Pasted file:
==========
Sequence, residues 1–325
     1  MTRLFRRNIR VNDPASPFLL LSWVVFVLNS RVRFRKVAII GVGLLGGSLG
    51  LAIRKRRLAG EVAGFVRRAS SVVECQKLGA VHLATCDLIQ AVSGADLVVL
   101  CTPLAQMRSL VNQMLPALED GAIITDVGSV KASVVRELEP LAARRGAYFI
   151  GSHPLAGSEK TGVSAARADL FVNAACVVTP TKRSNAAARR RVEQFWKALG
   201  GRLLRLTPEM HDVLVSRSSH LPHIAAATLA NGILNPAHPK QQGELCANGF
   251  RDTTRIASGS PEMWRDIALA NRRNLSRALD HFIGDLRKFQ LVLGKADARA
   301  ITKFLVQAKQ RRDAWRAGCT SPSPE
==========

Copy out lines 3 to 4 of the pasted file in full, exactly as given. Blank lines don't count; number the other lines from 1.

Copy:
    51  LAIRKRRLAG EVAGFVRRAS SVVECQKLGA VHLATCDLIQ AVSGADLVVL
   101  CTPLAQMRSL VNQMLPALED GAIITDVGSV KASVVRELEP LAARRGAYFI